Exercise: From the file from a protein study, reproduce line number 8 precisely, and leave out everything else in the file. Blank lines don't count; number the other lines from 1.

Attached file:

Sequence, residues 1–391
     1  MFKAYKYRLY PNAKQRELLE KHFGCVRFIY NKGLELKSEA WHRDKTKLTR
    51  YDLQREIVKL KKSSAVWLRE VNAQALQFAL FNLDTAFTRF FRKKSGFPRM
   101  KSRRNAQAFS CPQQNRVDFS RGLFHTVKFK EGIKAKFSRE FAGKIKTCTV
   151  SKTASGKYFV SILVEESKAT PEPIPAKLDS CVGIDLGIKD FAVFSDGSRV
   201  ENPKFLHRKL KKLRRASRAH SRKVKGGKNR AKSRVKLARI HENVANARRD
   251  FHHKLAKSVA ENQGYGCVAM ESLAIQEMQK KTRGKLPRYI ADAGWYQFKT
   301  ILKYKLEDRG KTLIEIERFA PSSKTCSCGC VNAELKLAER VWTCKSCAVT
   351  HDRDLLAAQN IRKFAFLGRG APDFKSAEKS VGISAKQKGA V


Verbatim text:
   301  ILKYKLEDRG KTLIEIERFA PSSKTCSCGC VNAELKLAER VWTCKSCAVT